By Seppe van Winkel – Data Engineer
Hi, my name is seppe van winkel, data engineer at infofarm and I’m taking over the blog series about cloud data platforms this week! In the previous blog on azure data platforms, we talked about etl on synapse. Today, I’ll show you how we can do user and access management inside azure. How do you secure a specific column? How do you deny people access to specific files? All answers below. Enjoy reading!
Overview of the user and access management
In Azure there are two main components to user and access management:
For user management there is Azure Active Directory, if you already have a Microsoft 365/Office 365 subscription you’ll already have an Azure AD. This will allow you to create or invite users to your directory, and manage them if needed.
The access management part is called RBAC (Role based access control). The role management means to assign rights on a user in the Active Directory.
Azure Active Directory
Azure active directory is a cloud-based identity and access management service. It can be used to grant people access to external resources such as Microsoft 365, Azure, …
It can be used to secure internal resources such as cloud apps for your company or intranet related resources.
The AD will be attached to your company domain or by default will be on Microsoft domain: .onmicrosoft.com / .. In case of Microsoft 365/Office 365 this will already be the case. You can then invite users inside your domain, connect a different AD or invite external users.
Azure AD will also support a lot of different features to make your AD safer, MFA (Multi factor authentication), Conditional Access (If user x signs in from this device on this location, he can access a specific resource) , just-in-time access (It’s a bad practice to open a RDP/SSH ports all the time in the network. JIT (just-in-time access) is a feature that allows you to request access and Azure will enable the port for that time and will disable it later.) and many more, some of these features require a paid license.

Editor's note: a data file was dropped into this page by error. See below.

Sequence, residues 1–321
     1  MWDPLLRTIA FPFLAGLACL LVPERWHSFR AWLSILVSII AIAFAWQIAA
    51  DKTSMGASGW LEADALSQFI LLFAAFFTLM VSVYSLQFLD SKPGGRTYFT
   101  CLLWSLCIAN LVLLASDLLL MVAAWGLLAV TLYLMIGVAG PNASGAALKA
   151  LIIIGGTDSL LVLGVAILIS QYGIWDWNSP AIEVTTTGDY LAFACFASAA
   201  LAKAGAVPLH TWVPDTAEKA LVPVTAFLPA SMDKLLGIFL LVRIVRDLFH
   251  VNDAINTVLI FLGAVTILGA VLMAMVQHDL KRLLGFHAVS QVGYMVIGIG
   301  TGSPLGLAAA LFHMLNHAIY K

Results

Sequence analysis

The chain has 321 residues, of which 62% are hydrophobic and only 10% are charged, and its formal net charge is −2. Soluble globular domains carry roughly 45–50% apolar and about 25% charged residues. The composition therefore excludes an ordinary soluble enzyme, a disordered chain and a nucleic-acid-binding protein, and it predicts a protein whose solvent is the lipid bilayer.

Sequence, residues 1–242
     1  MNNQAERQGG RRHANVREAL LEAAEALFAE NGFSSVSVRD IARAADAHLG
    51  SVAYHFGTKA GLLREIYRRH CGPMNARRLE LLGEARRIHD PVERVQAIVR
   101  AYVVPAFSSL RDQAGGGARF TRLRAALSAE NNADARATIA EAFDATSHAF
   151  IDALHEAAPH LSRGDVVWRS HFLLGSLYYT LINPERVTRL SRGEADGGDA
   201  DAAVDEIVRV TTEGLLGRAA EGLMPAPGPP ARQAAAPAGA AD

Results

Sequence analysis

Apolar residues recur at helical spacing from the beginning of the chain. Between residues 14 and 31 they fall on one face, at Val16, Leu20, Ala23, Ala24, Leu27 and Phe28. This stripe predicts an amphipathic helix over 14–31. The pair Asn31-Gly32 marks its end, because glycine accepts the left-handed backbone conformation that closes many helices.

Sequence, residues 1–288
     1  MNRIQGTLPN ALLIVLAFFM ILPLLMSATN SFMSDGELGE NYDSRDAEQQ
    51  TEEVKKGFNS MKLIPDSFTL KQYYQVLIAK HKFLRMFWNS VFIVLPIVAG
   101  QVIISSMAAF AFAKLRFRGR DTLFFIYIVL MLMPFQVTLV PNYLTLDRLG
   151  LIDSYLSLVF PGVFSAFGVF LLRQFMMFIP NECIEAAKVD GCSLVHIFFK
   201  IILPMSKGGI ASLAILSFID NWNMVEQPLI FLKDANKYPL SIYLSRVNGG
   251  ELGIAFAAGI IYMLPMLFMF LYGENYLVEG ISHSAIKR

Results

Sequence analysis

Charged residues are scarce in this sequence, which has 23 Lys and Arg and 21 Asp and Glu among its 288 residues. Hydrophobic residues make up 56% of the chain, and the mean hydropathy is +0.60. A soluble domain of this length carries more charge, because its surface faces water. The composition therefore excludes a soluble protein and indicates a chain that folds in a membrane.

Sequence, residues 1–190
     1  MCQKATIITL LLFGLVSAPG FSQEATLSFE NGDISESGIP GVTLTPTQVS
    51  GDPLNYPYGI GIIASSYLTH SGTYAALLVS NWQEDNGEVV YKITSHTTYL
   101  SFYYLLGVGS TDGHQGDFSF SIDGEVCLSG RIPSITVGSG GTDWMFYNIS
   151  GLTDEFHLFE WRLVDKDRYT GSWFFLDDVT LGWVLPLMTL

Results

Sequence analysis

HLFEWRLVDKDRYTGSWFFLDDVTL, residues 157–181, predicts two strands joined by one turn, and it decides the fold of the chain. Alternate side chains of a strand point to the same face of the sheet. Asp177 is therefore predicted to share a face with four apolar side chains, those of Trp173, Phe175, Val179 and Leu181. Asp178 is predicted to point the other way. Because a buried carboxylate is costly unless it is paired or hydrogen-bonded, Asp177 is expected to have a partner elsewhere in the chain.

Azure Role based access control
Azure Role-Based Access Control (RBAC) is a system for managing access to Azure resources. It allows administrators to set fine-grained permissions for Azure resources, ensuring that users and applications only have access to the resources they need.
A role assignment consists of three elements: security principal, role definition and scope.
The security principal is the object that is requesting access to Azure resources, this can be a user, a group or even a resource itself.
The role definition is a collection of permissions, Azure contains several built-in roles, but you can also create custom roles.
Finally, the scope, is a set of resources which the access applies to. A scope can be either a resource or it’s higher-level components. (resource group, subscription or management group)
Do you want to know more about Azure RBAC?